Court of Appeals to convene at high school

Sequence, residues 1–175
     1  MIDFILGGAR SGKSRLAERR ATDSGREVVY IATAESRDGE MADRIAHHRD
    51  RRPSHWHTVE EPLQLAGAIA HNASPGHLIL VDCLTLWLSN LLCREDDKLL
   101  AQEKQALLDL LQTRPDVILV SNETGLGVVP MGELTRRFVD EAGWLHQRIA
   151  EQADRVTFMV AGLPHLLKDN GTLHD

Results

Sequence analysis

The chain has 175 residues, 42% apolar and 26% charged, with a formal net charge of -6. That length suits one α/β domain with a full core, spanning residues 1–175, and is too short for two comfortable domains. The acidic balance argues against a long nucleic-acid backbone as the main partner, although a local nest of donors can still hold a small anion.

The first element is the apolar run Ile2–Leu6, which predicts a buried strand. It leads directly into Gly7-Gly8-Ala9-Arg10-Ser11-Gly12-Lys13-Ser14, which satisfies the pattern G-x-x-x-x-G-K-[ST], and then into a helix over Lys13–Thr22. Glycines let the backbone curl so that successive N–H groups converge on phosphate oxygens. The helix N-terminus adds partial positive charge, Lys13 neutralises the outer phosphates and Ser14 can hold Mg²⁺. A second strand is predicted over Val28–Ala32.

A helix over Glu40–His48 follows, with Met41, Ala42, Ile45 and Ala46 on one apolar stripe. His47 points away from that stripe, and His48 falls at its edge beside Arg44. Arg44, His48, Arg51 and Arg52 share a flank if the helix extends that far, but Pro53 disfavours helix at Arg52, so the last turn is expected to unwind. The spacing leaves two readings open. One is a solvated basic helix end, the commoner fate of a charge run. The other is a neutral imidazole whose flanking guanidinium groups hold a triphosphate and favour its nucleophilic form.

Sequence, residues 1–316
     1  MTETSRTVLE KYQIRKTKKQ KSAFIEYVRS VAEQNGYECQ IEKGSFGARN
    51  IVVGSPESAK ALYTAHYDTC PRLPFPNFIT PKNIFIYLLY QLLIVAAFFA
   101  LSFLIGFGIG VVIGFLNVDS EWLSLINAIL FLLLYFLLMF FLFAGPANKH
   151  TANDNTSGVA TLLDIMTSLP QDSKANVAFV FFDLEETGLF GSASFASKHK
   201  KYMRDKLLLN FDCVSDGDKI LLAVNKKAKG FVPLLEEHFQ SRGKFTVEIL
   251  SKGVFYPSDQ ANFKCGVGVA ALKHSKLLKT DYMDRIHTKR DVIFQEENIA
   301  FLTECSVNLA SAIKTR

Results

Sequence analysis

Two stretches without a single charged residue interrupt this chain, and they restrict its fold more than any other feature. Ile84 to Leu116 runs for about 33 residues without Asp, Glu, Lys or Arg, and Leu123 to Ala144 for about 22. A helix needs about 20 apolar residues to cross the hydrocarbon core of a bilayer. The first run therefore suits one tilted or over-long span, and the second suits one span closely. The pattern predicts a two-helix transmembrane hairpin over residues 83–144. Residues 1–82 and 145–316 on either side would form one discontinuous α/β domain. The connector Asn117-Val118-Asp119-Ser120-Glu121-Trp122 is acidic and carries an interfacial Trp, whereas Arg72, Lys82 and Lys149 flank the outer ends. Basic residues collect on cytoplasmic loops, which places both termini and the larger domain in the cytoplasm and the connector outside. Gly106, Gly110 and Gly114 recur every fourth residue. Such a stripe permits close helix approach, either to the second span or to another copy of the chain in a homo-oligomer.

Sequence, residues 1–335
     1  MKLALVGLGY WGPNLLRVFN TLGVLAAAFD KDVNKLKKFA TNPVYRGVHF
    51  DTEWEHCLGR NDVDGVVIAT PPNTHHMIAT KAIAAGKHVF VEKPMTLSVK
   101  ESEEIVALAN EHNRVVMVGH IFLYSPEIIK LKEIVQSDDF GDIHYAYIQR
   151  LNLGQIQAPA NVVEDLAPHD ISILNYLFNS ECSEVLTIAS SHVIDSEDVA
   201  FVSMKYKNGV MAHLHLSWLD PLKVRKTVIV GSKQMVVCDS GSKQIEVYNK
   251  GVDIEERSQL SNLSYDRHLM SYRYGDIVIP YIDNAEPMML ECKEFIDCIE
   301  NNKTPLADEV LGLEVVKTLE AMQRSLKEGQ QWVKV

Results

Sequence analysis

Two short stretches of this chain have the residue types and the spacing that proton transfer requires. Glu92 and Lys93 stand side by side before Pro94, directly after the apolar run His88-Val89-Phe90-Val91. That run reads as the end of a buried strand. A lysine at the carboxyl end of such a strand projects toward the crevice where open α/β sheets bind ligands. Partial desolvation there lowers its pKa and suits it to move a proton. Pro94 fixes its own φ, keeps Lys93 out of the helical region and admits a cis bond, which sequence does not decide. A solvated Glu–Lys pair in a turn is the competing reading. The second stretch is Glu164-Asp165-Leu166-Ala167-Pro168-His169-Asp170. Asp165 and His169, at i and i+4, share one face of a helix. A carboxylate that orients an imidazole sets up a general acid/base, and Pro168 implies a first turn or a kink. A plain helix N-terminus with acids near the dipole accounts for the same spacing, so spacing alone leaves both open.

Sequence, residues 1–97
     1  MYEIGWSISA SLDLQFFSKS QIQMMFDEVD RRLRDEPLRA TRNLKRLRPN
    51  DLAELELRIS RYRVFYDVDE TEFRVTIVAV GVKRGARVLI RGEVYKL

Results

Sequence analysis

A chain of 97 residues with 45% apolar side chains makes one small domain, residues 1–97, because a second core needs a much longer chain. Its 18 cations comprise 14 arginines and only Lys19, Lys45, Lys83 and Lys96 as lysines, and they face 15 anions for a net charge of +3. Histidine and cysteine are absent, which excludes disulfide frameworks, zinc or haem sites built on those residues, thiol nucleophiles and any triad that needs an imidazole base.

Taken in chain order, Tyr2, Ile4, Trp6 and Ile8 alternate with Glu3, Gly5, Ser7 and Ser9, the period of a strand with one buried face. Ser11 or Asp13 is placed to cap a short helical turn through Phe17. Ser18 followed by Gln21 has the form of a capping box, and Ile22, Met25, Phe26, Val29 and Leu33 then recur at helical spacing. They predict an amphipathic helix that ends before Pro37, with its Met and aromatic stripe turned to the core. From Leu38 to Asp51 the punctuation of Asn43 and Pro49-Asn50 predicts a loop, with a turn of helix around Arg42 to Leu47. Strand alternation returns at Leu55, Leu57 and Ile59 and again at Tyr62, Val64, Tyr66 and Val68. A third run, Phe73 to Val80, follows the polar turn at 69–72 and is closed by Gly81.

“Division Two of the Washington State Court of Appeals will call Mt. Tahoma High School home for the day on Tuesday, Sept. 26, in the high school’s auditorium.Presiding Chief Judge Karen Seinfeld, Judge Elaine Houghton and Judge Art Way, will make up the three-judge panel that will hear oral argument on seven real-life Pierce County appeals cases throughout the day beginning at 8 a.m. The general public is welcome to attend the appeals court proceedings as well.Decisions on the cases are not rendered at the school.The purpose of judges traveling to local communities within their jurisdictions is to give the public a more realistic view of what really happens in court, said Wendy Ferrell, senior public information officer for the Office of the Administrator for the Courts in Olympia.Students and teachers will be in attendance, Ferrell said, and afterward, the students will be encouraged to ask the judges questions.Division Two of the Washington State Court of Appeals began making community visits throughout its geographic area in 1993. The court hears appeals from trial courts throughout Western Washington, Pierce County south to the Oregon border and the Olympic Peninsula, and has the authority to overrule, remand, modify or affirm decisions of the lower courts.Ferrell said the community response to the judge’s visits has been overwhelmingly positive. Students seem to be really appreciate of having an opportunity to speak with the judge directly.The seven arguments to be heard, with some of their descriptions, are: lState of Washington v. Jason Peter Krajeski (No. 24763-1-11).A police officer investigating the burglary of a bicycle shop received a tip that Jason Krajeski had the stolen mountain bikes in his apartment. He refused to allow the officer to search his apartment. The officer spoke to the apartment manager and Krajeski’s mother and described the stolen bicycles. After seeing the bicycles in Krajeski’s apartment, they contacted the officer, who obtained a search warrant and had the bicycles seized. A few days later, Krajeski’s mother gave the police a handgun she had found in the apartment. Krajeski was arrested and convicted of possession of stolen property and unlawful possession of a handgun. On appeal, he clains the search warrant should not have been issued because the apartment manager and his mother were acting as agents for the police. lRobert W. Irish v. Conover Insurance Inc. (No. 24914-6).lTroy F. Williams v. State of Washington (No. 242399-7-11).After using David Wood’s ATM card to remove all of Wood’s money from his account, Troy Williams and his brothers beat Wood with metal bars, cut his throat with a knife, and, while he was still alive, discussed cutting him apart with a chainsaw. Williams pleaded guilty to charges of murder in the first degree while armed with a deadly weapon and to the crime of mutilation of human remains (by chainsaw). As part of the plea agreement, the State recommended a 450-month sentence. The sentencing court, however, imposed an exceptional sentence of 600 months of incarceration. On appeal, Williams challenges the bases for this exceptional sentence.lMarriage of Mary Katherine Faler v. Karl Marc Faler (No. 23215-4-11).Karl and Mary Faler had their marriage dissolved after a dispute regarding children. Mary wanted to get pregnant and Karl did not. Instead, he got a vasectomy. In response, Mary became pregnant through artificial insemination. She obtained a no-contact order against Karl when he threatened to kill her and the unborn child. He was found in contempt of court for actions he took during the dissolution proceedings. The court also ordered him to pay his former spouse’s attorney fees. On appeal, he claims the court erred in finding him in contempt and in awarding attorney fees. He also claims that the court and his former spouse’s attorney violated the ethical canons.lState of Washington v. Richard Wayne Blair (No. 24545-1-11).lNorth Coast Electric Company v. Robert C. Henry/Paula Henry (No. 24719-4-11).lJames E. Cowart Jr. v. Pan American Bank (No. 25126-4-11).James and Joann Cowart obtained a default judgement against Albert and Barbara Franklin. In 1996, the Franklins refinanced their home to pay off their existing mortgage, outstanding property taxes, state tax warraants and other debts. Pan American issued them two loans but, before they were recorded, the Cowarts obtained their default judgement against the Franklins. Pan American applied the loan proceeds to pay off the pre-existing debts and foreclosed on the property. The Cowarts successfully sued, claiming lien priority. Pan American appealed, claiming the Cowarts’ debt was subject to the Franklins’ homestead exemption, that its loans had lien priority, and that the relation-back doctrine did not apply to the Cowart’s claim. “